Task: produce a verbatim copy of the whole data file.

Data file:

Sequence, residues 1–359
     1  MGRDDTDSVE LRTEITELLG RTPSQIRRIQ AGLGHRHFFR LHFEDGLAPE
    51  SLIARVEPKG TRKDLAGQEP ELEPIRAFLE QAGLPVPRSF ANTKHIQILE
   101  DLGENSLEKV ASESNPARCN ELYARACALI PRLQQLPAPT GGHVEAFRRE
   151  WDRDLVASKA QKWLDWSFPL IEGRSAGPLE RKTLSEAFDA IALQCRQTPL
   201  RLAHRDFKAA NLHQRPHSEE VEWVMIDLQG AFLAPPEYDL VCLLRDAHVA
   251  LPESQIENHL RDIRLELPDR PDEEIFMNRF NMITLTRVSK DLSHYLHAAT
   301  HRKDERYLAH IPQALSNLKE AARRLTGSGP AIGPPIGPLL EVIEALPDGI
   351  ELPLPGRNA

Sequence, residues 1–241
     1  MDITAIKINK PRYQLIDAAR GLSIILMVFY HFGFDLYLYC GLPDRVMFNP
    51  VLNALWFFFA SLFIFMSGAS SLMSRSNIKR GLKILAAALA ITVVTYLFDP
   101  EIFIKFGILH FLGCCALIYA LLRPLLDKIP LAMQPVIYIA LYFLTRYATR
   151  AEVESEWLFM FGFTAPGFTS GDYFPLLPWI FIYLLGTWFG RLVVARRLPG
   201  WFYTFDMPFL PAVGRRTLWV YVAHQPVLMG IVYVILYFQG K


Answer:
Sequence, residues 1–359
     1  MGRDDTDSVE LRTEITELLG RTPSQIRRIQ AGLGHRHFFR LHFEDGLAPE
    51  SLIARVEPKG TRKDLAGQEP ELEPIRAFLE QAGLPVPRSF ANTKHIQILE
   101  DLGENSLEKV ASESNPARCN ELYARACALI PRLQQLPAPT GGHVEAFRRE
   151  WDRDLVASKA QKWLDWSFPL IEGRSAGPLE RKTLSEAFDA IALQCRQTPL
   201  RLAHRDFKAA NLHQRPHSEE VEWVMIDLQG AFLAPPEYDL VCLLRDAHVA
   251  LPESQIENHL RDIRLELPDR PDEEIFMNRF NMITLTRVSK DLSHYLHAAT
   301  HRKDERYLAH IPQALSNLKE AARRLTGSGP AIGPPIGPLL EVIEALPDGI
   351  ELPLPGRNA

Sequence, residues 1–241
     1  MDITAIKINK PRYQLIDAAR GLSIILMVFY HFGFDLYLYC GLPDRVMFNP
    51  VLNALWFFFA SLFIFMSGAS SLMSRSNIKR GLKILAAALA ITVVTYLFDP
   101  EIFIKFGILH FLGCCALIYA LLRPLLDKIP LAMQPVIYIA LYFLTRYATR
   151  AEVESEWLFM FGFTAPGFTS GDYFPLLPWI FIYLLGTWFG RLVVARRLPG
   201  WFYTFDMPFL PAVGRRTLWV YVAHQPVLMG IVYVILYFQG K